What Is Indirect Tax?

Taxation is a vital aspect of any economy, providing the necessary revenue for governments to fund public services, infrastructure, and welfare programs. In the realm of taxation, both direct and indi

Indirect tax plays a significant role in the fiscal policies of governments worldwide, including India. It is a form of taxation imposed by the government on goods and services rendered, rather than directly on the taxpayer’s income, revenue, or profit. Indirect taxes are levied at various stages of production, distribution, and consumption, and they can be passed on from one individual or entity to another. In India, indirect taxes are a vital source of revenue for the government and play a crucial role in financing public expenditure, promoting economic growth, and achieving socio-economic objectives.

Different Types Of Indirect Taxes In India

In India, the taxation system encompasses various types of indirect taxes that are categorised based on their nature and application. These indirect taxes play a crucial role in generating revenue for the government and shaping the country’s economic landscape. Here are some of the key indirect taxes in India:

  1. GST (Goods and Services Tax):

    GST is a comprehensive consumption tax imposed on the supply of goods and services. It replaced multiple indirect taxes and was implemented in July 2017. GST is a multi-stage, destination-based tax, which means it is levied at each stage of the production and distribution process. It applies to the final consumer, and businesses can claim input tax credits for the GST paid on their inputs. The tax is collected at the point of consumption, making it a significant reform in India’s indirect tax system.

  2. Excise Duty:

    It is a tax levied on the production, licensing, and sale of goods. However, with the introduction of GST, many types of excise duty have been subsumed. Currently, excise duty is primarily applicable to petroleum and liquor products. Alcohol, being exempted from GST, is still subject to excise duty imposed by the respective states.

  3. Customs Duty:

    It is a tax imposed on goods transported across international borders. It applies to both imports and exports and is regulated by the government to safeguard domestic industries and regulate the movement of goods. Customs duty rates vary depending on the nature of the goods and their country of origin or destination.

  4. Entertainment Tax:

    It is levied by state governments on various financial transactions related to entertainment activities. This tax applies to movie shows, amusement parks, video games, arcades, and sports activities. The rates and regulations may vary from state to state.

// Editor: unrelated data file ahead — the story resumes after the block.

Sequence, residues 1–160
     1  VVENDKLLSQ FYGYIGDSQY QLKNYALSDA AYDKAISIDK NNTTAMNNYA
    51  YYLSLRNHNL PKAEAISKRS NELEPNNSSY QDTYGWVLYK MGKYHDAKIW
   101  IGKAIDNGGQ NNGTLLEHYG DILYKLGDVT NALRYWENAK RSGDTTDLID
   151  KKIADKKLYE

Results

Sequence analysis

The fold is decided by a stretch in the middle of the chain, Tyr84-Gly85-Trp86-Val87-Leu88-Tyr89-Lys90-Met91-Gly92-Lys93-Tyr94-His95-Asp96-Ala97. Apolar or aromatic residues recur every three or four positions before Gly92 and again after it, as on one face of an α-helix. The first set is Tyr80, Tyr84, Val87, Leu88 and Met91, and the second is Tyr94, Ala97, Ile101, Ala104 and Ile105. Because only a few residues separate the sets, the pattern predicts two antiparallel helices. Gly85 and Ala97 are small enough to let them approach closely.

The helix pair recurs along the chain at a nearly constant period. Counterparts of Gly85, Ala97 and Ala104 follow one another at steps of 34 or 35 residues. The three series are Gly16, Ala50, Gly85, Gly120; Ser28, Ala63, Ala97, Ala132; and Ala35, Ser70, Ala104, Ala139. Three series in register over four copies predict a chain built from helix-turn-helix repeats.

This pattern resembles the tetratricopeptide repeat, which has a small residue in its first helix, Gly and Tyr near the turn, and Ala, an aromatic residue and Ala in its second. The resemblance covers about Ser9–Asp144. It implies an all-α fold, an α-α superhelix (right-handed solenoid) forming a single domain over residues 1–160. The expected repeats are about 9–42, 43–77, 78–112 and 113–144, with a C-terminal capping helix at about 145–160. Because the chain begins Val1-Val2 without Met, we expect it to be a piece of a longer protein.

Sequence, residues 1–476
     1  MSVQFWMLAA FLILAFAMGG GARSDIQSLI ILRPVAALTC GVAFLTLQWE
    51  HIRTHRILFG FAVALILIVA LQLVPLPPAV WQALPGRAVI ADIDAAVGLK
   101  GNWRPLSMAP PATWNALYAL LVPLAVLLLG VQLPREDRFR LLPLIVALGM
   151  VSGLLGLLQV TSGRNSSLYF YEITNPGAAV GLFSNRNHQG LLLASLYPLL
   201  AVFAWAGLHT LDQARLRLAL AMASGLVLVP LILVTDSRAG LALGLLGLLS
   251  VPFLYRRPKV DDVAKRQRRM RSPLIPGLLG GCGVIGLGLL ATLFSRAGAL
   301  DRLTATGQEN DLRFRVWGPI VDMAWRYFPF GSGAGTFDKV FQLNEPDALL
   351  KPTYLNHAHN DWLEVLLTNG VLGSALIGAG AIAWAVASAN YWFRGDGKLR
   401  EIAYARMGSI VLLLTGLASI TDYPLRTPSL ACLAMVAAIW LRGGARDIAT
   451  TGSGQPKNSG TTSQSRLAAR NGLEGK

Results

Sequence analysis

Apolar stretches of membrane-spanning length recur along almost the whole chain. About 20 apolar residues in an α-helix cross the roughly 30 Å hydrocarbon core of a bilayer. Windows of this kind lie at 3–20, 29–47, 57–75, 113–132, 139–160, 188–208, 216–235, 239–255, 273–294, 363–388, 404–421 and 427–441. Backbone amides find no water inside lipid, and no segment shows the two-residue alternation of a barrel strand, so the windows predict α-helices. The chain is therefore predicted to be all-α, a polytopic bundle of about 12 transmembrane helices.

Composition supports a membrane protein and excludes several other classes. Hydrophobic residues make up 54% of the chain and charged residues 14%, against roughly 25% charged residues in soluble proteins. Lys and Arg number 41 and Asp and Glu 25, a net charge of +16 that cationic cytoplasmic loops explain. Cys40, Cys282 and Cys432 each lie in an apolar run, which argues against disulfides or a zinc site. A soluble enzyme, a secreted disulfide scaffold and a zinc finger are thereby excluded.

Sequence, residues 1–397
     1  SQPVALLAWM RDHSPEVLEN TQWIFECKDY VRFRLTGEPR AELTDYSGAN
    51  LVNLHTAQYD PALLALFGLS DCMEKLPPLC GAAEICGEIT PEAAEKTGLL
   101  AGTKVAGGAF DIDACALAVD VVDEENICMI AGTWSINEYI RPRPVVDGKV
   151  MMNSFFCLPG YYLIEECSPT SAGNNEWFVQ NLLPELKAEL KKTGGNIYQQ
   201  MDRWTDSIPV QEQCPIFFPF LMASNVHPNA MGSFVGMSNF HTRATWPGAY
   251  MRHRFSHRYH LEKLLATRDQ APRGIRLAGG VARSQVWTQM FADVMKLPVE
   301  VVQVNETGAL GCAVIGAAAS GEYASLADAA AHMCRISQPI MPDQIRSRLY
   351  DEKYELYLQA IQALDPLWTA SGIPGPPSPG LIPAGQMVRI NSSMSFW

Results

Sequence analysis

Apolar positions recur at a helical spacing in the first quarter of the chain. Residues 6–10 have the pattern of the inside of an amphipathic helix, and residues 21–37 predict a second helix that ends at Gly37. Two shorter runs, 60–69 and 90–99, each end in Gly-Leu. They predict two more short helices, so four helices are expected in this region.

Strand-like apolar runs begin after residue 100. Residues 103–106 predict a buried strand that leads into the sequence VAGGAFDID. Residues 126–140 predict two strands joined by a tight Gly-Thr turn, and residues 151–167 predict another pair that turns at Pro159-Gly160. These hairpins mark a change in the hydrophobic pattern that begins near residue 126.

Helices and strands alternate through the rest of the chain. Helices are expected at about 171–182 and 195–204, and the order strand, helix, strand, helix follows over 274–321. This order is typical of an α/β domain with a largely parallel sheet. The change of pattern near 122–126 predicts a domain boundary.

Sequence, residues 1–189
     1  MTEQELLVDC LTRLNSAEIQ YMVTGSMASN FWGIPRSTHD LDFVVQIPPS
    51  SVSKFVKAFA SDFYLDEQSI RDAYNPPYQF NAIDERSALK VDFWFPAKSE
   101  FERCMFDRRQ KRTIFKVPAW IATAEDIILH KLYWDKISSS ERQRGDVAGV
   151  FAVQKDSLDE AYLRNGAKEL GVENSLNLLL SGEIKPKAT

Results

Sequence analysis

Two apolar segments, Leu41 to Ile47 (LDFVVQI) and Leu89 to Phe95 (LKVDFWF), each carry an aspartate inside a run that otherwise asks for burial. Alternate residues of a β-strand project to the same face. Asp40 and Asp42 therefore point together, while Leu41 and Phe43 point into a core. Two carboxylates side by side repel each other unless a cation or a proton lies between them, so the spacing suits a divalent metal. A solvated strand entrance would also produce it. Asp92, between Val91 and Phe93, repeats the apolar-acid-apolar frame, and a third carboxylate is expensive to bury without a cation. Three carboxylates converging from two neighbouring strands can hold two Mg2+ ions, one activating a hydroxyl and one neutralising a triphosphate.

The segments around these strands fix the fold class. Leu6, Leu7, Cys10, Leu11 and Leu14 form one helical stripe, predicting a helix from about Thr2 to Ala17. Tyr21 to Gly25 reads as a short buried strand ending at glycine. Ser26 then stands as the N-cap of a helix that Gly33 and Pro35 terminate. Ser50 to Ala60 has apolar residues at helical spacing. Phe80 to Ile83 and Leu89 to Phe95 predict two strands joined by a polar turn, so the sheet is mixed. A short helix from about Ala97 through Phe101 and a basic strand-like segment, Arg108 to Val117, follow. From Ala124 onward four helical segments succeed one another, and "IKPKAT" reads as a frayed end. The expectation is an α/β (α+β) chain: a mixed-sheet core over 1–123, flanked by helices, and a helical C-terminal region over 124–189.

5. Stamp Duty:

    It is a tax imposed on the transfer of immovable property within a state. It is also applicable to various legal documents, such as agreements, leases, and share transfers. The rate of stamp duty varies across states and is usually a percentage of the transaction value or the property’s market value.

  6. STT (Securities Transaction Tax):

    Securities Transaction Tax (STT) is a tax applied to securities transactions on Indian stock exchanges. It is levied on the value of securities traded, excluding commodities and currencies. STT is intended to collect revenue and discourage speculative and short-term trading. The rate of STT varies depending on the type of transaction, with delivery-based equity trading attracting a 0.1% tax.

These are some of the major indirect taxes in India, each serving a specific purpose in the overall tax structure of the country. The introduction of GST has been a significant milestone in simplifying and harmonising the indirect tax system, streamlining taxation processes, and fostering economic growth.

Features of Indirect Tax

The indirect tax system encompasses several features. Here are some notable ones:

  1. Consumption-based taxation:

    Indirect taxes in India are primarily consumption-based taxes. They are levied on the supply of goods and services at each stage of production and distribution, ultimately impacting the final consumer. This approach ensures that taxes are collected when goods or services are consumed, aligning the tax burden with the level of consumption.

  2. Revenue generation:

    Indirect taxes contribute significantly to the government’s revenue collection in India. They form a crucial source of funds for financing public expenditure, infrastructure development, welfare programs, and other government initiatives. The revenue generated through indirect taxes supports the functioning of the government and helps meet the fiscal requirements of the country.

  3. Tax evasion: